The Mini’s biggest (or smallest) difference from its predecessor is its diminutive size. It weighs about 600g and is 14cm long without the eyecup. It is packed with features, including 14 different reticles in nine colour options, and different zero profiles for different guns.
It can also record video and still photographs once you have installed a micro SD card.
I wasted no time in pairing the new Wraith Mini with my Weihrauch HW100K. Its £799.99 retail price includes some very handy extras, one of which is an extended mount.
This enabled me to get the optic sufficiently far back so I could achieve correct eye relief, although I had to use adaptors to connect its Picatinny clamp to the Weihrauch’s dovetail rail – a very simple job.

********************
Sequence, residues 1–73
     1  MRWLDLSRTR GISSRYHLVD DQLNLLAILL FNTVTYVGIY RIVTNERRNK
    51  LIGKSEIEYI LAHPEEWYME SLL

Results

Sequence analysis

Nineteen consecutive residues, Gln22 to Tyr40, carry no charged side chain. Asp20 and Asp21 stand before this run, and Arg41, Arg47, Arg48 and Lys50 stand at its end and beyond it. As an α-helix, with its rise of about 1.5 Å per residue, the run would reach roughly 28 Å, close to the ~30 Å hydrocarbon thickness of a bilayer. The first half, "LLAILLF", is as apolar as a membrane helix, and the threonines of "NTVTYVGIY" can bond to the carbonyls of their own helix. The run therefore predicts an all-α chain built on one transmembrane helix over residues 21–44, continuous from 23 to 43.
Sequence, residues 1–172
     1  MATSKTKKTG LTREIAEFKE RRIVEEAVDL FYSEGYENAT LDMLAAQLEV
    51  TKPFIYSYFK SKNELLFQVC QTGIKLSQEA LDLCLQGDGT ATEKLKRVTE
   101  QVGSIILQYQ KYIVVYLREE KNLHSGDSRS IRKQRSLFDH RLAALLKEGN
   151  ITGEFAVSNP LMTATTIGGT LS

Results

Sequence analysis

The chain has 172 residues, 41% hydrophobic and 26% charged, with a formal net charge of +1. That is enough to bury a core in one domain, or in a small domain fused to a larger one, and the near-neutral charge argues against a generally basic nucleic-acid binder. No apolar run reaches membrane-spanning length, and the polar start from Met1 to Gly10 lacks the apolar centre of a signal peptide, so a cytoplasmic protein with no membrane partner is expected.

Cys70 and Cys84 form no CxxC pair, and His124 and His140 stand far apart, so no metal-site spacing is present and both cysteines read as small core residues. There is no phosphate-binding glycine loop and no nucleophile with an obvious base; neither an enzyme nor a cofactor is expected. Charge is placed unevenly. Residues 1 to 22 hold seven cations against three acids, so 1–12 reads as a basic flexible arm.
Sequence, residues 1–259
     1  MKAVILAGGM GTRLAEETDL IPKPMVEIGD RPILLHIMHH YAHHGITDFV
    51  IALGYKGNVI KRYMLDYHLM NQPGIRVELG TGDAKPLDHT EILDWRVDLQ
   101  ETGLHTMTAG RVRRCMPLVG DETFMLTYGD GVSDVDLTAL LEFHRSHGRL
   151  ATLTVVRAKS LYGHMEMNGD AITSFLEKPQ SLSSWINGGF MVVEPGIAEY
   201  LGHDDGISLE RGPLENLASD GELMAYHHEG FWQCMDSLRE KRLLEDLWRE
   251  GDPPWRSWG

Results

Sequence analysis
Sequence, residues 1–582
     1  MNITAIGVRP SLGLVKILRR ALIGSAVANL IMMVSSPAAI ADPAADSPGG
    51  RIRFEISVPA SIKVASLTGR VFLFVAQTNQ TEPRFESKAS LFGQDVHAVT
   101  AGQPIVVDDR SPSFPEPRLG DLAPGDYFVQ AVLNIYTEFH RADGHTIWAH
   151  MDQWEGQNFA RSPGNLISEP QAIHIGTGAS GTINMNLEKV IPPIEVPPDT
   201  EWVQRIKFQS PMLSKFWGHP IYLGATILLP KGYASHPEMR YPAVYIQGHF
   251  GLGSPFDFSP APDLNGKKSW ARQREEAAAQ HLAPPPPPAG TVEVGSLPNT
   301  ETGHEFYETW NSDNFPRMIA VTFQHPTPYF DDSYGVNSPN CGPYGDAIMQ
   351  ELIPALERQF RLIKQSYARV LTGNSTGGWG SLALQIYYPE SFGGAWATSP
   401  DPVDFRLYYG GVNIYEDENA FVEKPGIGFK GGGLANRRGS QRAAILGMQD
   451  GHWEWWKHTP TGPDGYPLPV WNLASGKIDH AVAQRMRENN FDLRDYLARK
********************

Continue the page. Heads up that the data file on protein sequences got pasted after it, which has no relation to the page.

The mount even comes with an offset accessory rail, which I found was perfect for mounting the supplied IR illuminator.
Out on the garden range for the inaugural zero-up, and with the Mini set on its colour daytime viewing mode, I quickly discovered that the new variant of the Wraith remains extremely simple to operate despite all of its technical advancements. Its single-shot zeroing is a cinch to operate, and I was soon ragging the bulls on paper targets from 10m to 30m ready for a night on the rats.
Signs of rats have been an all too familiar sight on my farmyard permissions over the past few months, and this outing was no exception. One side of the yard in particular appeared to harbour significant numbers of the unwelcome guests.